Many issues remain to be addressed for improving the e¢ ciency of the U.S. card payments system. First of all, in order to assess the pricing and performance of payment card markets, policymakers need a good measurement of the costs and bene…ts of di¤erent payment means. These include both private costs and bene…ts as well as social costs and bene…ts. Second, policymakers may want to consider policy options other than interchange fee regulation. For instance, in theory, if merchants can set di¤erent retail prices conditioning on payment means (e.g., surcharging card usage), the interchange fee becomes less of an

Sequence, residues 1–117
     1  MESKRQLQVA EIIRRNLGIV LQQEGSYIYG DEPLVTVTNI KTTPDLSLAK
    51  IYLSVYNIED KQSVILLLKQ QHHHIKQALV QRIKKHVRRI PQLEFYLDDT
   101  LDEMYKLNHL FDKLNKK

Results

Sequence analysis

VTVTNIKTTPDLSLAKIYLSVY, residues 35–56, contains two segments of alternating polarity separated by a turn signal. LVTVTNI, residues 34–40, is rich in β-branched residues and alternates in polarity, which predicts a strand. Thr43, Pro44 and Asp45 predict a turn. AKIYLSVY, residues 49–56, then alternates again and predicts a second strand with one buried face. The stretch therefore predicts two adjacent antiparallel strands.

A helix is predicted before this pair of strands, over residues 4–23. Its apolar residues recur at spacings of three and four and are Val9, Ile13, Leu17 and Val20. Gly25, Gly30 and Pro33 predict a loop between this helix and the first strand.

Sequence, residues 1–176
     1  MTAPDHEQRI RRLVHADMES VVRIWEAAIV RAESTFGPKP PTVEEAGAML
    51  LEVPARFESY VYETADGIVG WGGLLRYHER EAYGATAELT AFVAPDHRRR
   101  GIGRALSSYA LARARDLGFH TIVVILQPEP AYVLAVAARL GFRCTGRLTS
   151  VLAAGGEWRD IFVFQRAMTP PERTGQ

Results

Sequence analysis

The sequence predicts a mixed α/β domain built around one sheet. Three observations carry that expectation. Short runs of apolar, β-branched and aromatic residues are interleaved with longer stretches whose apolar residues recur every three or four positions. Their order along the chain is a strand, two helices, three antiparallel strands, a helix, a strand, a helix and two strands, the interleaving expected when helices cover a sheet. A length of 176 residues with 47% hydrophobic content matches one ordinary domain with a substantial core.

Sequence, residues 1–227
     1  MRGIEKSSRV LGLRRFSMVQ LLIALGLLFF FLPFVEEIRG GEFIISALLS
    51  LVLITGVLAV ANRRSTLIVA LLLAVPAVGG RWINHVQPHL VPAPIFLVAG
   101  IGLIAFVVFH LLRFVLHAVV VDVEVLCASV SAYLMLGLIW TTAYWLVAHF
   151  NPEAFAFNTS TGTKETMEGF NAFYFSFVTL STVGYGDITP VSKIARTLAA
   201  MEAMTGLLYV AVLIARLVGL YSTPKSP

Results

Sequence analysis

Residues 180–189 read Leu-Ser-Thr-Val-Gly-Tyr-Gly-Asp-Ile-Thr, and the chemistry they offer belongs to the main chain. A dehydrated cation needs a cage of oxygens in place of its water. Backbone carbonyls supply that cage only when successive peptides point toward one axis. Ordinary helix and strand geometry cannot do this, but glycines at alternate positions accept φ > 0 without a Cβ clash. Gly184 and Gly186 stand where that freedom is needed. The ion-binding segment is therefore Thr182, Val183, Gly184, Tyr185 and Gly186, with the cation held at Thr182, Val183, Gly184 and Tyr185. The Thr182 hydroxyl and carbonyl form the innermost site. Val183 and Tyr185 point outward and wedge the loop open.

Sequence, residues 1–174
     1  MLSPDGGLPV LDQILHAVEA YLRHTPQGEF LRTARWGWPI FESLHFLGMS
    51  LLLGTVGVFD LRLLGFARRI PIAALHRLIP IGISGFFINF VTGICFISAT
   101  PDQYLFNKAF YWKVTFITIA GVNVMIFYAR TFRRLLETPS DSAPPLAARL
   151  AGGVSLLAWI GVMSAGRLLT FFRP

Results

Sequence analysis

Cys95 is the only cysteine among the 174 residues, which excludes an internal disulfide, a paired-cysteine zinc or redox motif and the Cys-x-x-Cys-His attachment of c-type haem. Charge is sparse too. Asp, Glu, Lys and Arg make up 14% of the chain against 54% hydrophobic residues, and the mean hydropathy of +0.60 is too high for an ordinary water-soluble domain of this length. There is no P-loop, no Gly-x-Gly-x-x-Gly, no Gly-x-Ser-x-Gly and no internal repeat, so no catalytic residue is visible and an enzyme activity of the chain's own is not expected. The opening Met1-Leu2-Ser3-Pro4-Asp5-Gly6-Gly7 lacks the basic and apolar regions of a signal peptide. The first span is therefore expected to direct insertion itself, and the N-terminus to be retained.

issue. However, those policy options may also have their own limita-tions, so some cautions need to be taken.34 Finally and more broadly, we need a better understanding of the functioning of payment card mar-kets, especially the complicated issues regarding the two-sided market nature, the network externalities, and the cooperation and competition between payment platforms.


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3 4